The Daily 202: Ivanka Trump’s ‘consulting fees’ and Rick Gates’s book underscore depths of presidential nepotism

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According to tax returns obtained by the New York Times for a story published Sunday evening, Trump himself paid nothing in federal income tax that year. Obama had reduced his tax burden for 2011 by donating $172,130 to 39 charities, and he said at the time that he believed he should be paying more in taxes. Trump reduced his tax burden to nothing by, among other things, claiming gargantuan losses on various investments.

Trump paid no federal income taxes in 11 of 18 years that the Times obtained his confidential tax filings from. In 2017, after he took office, Trump’s tax bill was only $750. It was the same in 2018.

Attacking Obama for paying 20.5 percent of his income in taxes while paying nothing himself is just the latest illustration of Trump’s hypocrisy. He campaigns as a populist but governs as a plutocrat. Now the self-proclaimed billionaire seeks a four-year contract extension to lead a government which he has apparently contributed less tax revenue toward than many blue-collar workers. Once again, Trump is showing himself to be the do-as-I-say, not-as-I-do president.

Trump dismissed the Times story as “fake news” during a news conference on Sunday. Then, on Monday morning, he attacked the newspaper for running what he described as “illegally obtained information,” which would seem to confirm its accuracy. “I paid many millions of dollars in taxes but was entitled, like everyone else, to depreciation & tax credits,” the president tweeted.

These are not the most sensational revelations in the Times’s 9,800-word story, which you should read in full, but they reveal something about the double dipping that tends to be so endemic in Trumpian enterprises: Ivanka Trump, who along with her husband works as a senior adviser in the White House, appears to have received massive “consulting fees” from the Trump Organization while simultaneously being paid nearly half a million dollars each year as a senior executive of the family business. The Trump Organization also deducted as a business expense more than $70,000 to style Donald Trump’s hair when he was hosting “The Apprentice” and nearly $100,000 that was paid to a favorite hair and makeup artist of Ivanka Trump.

During a rally on Saturday night in Harrisburg, Pa., Trump egged on his supporters as they chanted “Lock her up” about Hillary Clinton. “She’s crazy,” the president said of his 2016 opponent. “Remember the emails? You think we forgot. We didn’t forget the emails!”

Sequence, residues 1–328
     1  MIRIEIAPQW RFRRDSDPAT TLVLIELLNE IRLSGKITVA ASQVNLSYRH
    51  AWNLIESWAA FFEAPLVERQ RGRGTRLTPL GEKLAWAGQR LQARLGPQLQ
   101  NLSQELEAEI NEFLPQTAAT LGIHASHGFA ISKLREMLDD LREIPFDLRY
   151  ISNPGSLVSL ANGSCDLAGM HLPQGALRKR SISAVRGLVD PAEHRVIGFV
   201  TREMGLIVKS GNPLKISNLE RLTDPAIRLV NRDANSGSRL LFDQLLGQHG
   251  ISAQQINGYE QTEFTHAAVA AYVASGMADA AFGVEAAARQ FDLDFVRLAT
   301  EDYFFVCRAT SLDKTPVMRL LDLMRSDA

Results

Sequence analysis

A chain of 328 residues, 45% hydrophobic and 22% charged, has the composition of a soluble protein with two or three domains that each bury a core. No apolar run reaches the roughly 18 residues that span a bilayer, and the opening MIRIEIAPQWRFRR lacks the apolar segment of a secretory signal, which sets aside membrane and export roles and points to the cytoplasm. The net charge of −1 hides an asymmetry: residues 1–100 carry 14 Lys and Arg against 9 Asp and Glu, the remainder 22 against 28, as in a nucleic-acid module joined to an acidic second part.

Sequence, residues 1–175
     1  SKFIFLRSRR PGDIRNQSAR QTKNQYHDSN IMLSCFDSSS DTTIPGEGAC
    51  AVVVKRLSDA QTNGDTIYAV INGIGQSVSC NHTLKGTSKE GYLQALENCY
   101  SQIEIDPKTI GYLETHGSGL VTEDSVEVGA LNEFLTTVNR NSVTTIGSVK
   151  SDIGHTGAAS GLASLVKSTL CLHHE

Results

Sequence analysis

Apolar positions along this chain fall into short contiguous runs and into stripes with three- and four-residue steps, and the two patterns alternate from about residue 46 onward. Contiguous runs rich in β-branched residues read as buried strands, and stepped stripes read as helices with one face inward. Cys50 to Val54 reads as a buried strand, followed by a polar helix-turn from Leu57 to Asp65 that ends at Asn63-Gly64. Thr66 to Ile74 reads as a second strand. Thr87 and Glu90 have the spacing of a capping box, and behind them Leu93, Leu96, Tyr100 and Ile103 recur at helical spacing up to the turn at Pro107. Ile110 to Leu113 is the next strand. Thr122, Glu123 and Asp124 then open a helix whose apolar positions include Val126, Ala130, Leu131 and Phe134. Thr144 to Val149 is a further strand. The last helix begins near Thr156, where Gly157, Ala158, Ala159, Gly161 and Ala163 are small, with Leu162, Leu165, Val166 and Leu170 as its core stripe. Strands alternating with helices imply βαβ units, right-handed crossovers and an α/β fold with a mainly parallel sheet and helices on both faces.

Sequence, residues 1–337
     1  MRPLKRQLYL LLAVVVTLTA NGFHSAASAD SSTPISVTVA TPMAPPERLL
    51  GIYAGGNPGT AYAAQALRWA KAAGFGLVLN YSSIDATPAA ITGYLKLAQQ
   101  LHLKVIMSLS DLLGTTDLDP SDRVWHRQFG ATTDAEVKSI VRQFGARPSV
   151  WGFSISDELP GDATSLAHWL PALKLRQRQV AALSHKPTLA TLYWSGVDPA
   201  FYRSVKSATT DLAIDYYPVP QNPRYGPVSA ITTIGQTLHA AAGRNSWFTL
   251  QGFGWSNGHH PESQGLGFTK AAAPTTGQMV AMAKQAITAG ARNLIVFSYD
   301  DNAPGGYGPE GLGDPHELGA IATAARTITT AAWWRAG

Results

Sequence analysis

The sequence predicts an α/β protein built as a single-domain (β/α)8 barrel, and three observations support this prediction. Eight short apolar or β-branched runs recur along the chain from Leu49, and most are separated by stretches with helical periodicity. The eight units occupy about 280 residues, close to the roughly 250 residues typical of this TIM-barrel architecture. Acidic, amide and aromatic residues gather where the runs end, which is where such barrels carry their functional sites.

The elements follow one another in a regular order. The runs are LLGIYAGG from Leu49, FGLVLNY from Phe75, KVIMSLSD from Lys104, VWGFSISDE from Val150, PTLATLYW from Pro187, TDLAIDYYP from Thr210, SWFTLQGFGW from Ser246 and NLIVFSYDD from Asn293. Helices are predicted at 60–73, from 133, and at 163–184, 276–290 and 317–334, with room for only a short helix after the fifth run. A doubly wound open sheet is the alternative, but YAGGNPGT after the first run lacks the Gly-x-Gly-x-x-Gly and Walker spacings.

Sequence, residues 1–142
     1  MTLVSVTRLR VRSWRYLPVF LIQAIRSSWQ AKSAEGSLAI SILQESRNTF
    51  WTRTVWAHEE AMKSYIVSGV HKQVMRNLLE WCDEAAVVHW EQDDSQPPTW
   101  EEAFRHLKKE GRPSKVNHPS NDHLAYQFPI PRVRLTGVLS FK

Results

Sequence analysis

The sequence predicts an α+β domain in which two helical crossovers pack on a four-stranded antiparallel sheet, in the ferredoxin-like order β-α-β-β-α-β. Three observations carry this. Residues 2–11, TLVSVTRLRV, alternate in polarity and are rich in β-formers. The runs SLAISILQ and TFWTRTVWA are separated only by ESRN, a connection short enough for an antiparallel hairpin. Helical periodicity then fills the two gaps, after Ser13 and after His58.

How could anyone forget the emails?

Former national security adviser John Bolton revealed in his memoir this summer that the president was looking for a way to distract the public in November 2018 after The Washington Post reported that Ivanka Trump had sent hundreds of emails to White House aides, Cabinet officials and her assistants using a personal account, many of them in violation of federal records rules. Bolton said that this is why the White House issued an over-the-top defense of Saudi Crown Prince Mohammed bin Salman over the killing and dismemberment, by bone saw, of Washington Post contributing columnist Jamal Khashoggi. The statement, which included eight exclamation marks, began: “America First! The world is a very dangerous place!” It attacked Khashoggi by repeating the baseless allegations from the regime in Riyadh that the journalist was an “enemy of the state.”

“This will divert from Ivanka,” Trump said, according to Bolton’s book, “The Room Where It Happened,” as he drafted his defense of the Saudis. “If I read the statement in person, that will take over the Ivanka thing.” 

The CIA had already concluded by then, with high confidence, that the prince personally ordered the assassination of Khashoggi. But Trump’s gambit worked to deflect attention from his daughter.

Former Trump deputy campaign manager Rick Gates reveals in his forthcoming book that, two years before that, Donald Trump wanted to pick his eldest daughter to be his running mate. In June 2016, during a meeting, Gates says that Trump told top campaign aides: “I think it should be Ivanka. What about Ivanka as my VP? … She’s bright, she’s smart, she’s beautiful, and the people would love her!”

Gates says Trump was not joking and brought the idea up repeatedly over several weeks, insisting that the GOP base would embrace her. Gates writes that the Trump campaign twice polled the idea of putting Ivanka on the ticket. Ultimately, according to Gates, it was the then-34-year-old Ivanka who explained to her father the reasons why it was not a good idea. 

Gates pleaded guilty in February 2018 to conspiracy against the United States and lying to federal investigators in relation to lobbying work he and former Trump campaign chairman Paul Manafort did in Ukraine before joining Trump’s team. Because he cooperated with special counsel Bob Mueller’s probe, Gates was sentenced to just 45 days in prison, along with three years probation, but allowed to serve on weekends. His prison term was suspended in April due to the coronavirus. (Roz Helderman and Tom Hamburger interviewed Gates and have more nuggets from the book, “Wicked Game,” which comes out on Oct. 13.)

According to the Times’s story, Trump wrote off about $26 million in “consulting fees” between 2010 and 2018 to unspecified individuals. For example, the president collected $5 million on a hotel deal in Azerbaijan and reported $1.1 million in consulting fees. In Dubai, the Trump Organization paid a $630,000 fee on $3 million in income. The Times reports that his daughter appears to have been receiving some of these consulting fees. Trump’s private tax records show that his company paid $747,622 in fees to an unnamed consultant for hotel projects in Hawaii and Vancouver. Ivanka Trump’s public disclosure forms, required for her to work in the White House, showed that she received an identical amount through a consulting company she co-owned.